Here’s the partial story that aired in the morning

I’ve asked for the full story that aired in the afternoon.  I’ll post the link when I get it.

 

 

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Roxie Hammel at the Kansas City Star wrote a great story about i Bike Lenexa’s efforts to make Lenexa more bicycle friendly.  Here’s my favorite quote from the piece.

“I started a grass-roots community as a way to communicate and talk about what we’d like to see,” he said. So far there are about 80 people in it, he said.

The city has invested heavily in building the City Center development, with little attention to how someone might access it by bicycle or on foot, Carroll said. He also pointed to the 87th Street Parkway overpass over Interstate 35 as one that could be improved for pedestrians and cyclists.”

The response to the article has been incredible.  We have added almost 20 new members to the i Bike Lenexa Facebook group and we have been contacted by several bike advocate programs and news organizations.   It’s great to see that there is so many people who share our vision.

Read more here: http://www.kansascity.com/news/local/community/joco-913/article163615268.html#storylink=cpy
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Lenexa - on-street bicycle infrastructure

i Bike Lenexa is a Facebook community group focused on making Lenexa, Kansas more bicycle friendly. We want to be a positive voice for change promoting safe cycling, raising driver awareness, and encouraging cycling as a viable form of transportation.  The group is interested in working with the Lenexa City Council and other community groups to develop and execute a comprehensive bicycle and pedestrian plan that will transform our streets and make cycling a viable form of transportation.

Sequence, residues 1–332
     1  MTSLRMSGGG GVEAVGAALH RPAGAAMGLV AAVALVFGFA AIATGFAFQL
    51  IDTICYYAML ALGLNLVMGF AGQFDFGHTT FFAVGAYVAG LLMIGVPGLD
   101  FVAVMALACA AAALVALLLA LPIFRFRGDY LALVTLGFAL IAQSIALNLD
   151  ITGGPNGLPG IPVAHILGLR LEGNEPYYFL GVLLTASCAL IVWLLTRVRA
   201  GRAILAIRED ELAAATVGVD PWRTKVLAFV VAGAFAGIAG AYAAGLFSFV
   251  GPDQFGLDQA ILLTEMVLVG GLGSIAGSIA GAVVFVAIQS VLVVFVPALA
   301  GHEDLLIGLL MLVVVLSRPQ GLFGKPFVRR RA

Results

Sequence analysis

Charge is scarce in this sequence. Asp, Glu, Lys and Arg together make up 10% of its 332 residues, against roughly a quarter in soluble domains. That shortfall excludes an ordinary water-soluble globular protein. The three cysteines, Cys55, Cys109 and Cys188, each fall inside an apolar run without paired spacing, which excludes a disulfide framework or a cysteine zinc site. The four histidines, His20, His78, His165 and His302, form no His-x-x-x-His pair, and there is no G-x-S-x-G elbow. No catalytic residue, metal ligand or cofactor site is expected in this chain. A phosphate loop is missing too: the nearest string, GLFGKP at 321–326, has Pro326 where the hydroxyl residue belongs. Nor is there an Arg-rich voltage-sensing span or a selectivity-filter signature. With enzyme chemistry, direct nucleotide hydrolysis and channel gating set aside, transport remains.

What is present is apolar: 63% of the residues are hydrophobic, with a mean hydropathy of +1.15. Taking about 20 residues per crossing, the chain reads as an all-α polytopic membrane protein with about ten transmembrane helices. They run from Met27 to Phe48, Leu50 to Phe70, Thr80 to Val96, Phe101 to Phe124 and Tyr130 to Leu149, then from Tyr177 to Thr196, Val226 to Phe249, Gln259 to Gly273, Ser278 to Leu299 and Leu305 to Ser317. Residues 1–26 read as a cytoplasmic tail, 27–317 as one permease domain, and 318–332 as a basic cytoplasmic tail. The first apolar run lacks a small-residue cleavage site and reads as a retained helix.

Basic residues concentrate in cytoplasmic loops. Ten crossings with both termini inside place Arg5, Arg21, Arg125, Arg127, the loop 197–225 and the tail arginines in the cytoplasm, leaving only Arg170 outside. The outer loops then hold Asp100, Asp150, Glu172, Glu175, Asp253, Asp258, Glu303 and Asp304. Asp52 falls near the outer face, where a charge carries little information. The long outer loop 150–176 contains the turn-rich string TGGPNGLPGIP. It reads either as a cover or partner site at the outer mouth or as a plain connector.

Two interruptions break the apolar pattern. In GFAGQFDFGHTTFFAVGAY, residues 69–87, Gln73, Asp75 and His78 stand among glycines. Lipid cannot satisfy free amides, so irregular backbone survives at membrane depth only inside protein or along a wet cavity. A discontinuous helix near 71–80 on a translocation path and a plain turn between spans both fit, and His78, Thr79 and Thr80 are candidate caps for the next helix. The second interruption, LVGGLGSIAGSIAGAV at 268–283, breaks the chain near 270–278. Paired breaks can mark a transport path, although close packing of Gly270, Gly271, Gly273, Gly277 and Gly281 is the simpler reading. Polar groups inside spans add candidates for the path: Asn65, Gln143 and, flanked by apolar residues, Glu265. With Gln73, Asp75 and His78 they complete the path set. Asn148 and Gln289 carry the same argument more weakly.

In order for us to be successful it’s important that we elect city council members that share our vision and will support our efforts.   On August 1, Lenexa will hold primaries for ward 2 and ward 4 council members.  There are 3 candidates for each ward.  We have developed a series of simple questions and asked each of the candidates to respond.  All candidates were given two weeks to respond and I sent a reminder two days prior to the due date.  We received responses from 4 of the 6 candidates.  I have copied their answers below and added any additional comments that they included in their email response. I have also included their contact information from the Johnson County Election Office website.   If you want to comment on any of these responses please do so on the i Bike Lenexa Facebook page.

On behalf of the i Bike Lenexa members I want to thank the candidates that responded for taking the time to do so!  I know that this information will be helpful in making voting decisions.

PLEASE REMEMBER TO VOTE!  Our participation in these elections is critical to achieving the improvements that we all want to see!